Storms Try To Cool Off D.C. Region

Thursday, Jun 9, 2011  |  Updated 9:41 PM EDT
View Comments (
)
|
Email
|
Print
Get the latest forecast from Chief Meteorologist Doug Kammerer

Get the latest forecast from Chief Meteorologist Doug Kammerer

advertisement
Photos and Videos

Heat Wave Brings Heat-Related Illnesses

Some folks were coping with today's heat but some couldn't handle it. First responders have been busy tending to people who ventured out.
More Photos and Videos

Not only is the D.C. region dealing with sweltering heat, we also have to worry about severe storms this evening. Hopefully rain will break the heat wave.

The National Weather Service expanded its severe thunderstorm watch to include most of the D.C. area Thursday evening as a line of scattered thunderstorms passed through the area.

The storms came after we tied the record high for June 9 -- 102 degrees -- and set a record on Wednesday with a high of 99 degrees. The record for June 9 was set all the way back in 1874. It's the oldest record still standing for June.

Thursday also was a Code Orange air quality day. That has nothing to do with heat, but rather with air pollution collecting in stagnant air. Pollution levels will be harmful to children, older adults and anyone with a respiratory or heart condition.

NBC Washington meteorologist Tom Kierein said this unusual early-season heat wave is more dangerous now than at other times of the year because we are not acclimated to the heat yet.

In an average year, heat is the No. 1 weather killer, Kierein said -- more than tornadoes, storms and lightning.

So when will we get a break? It looks like some relief will begin on Saturday. Highs on Saturday and Sunday will be in the 80s, with even lower humidity in the area next week. Highs Monday, Tuesday and Wednesday should be in the low to mid-80s.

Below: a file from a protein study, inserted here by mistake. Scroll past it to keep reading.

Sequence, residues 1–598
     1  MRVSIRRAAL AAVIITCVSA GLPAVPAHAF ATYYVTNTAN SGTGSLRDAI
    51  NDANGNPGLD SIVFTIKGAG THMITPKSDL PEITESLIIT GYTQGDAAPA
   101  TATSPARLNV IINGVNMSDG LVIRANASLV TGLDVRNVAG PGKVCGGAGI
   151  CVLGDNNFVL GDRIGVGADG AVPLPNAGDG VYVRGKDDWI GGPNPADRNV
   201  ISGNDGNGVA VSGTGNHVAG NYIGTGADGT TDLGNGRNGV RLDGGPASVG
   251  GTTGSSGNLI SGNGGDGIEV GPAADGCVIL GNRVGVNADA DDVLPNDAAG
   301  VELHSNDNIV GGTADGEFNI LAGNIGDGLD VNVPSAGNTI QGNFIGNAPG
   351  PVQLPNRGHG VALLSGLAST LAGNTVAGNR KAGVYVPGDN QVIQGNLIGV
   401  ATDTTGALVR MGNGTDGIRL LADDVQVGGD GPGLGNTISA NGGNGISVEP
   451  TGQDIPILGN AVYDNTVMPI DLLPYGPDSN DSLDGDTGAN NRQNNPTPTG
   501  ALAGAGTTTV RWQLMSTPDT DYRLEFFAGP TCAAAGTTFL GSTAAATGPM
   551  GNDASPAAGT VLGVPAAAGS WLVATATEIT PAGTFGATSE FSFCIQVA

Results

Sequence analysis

Until then, try to stay cool and stay hydrated. Avoid being outside for long stretches of time during the hottest parts of the day. That doesn't mean noon, by the way. Yesterday's high was set at 3:13 p.m.

More heat-related tips:

  • Drink plenty of fluids such as water and fruit juices to prevent dehydration -- be aware that alcohol can impair the body's sweat mechanism, as can fairly common medications such as antihistamines and diuretics;
  • Wear loose-fitting, lightweight, and light-colored clothes;
  • Avoid direct sunlight by staying in the shade or by wearing sunscreen, a hat and sunglasses;
  • When possible, stay in air-conditioned areas. If your home is not air-conditioned, consider a visit to a shopping mall or public library. Contact your local health department to see if there are cooling shelters open in your area;
  • NEVER leave pets or young children in a car, even with the windows cracked;
  • Check on elderly relatives or neighbors at least daily; and
  • Take it easy when outdoors. Athletes and those who work outdoors should take short breaks when feeling fatigued. Schedule physical activity during the morning or evening when it is cooler.
     

Weather on the Web: Get the latest weather from NBCWashington.com anytime, anywhere:

Follow us on Twitter and Facebook. Sign up for our e-mail newsletters and get breaking news delivered right to your mobile phone -- just text DCBREAKING to 622339 to sign up. (Message and data rates may apply.)

Get the latest headlines sent to your inbox!
View Comments (
)
|
Email
|
Print
Leave Comments
Join the Ride to Conquer Cancer
Join the Ride To Conquer Cancer, Sept. 13 Read more
Follow Us
Sign up to receive news and updates that matter to you.
Send Us Your Story Tips
Check Out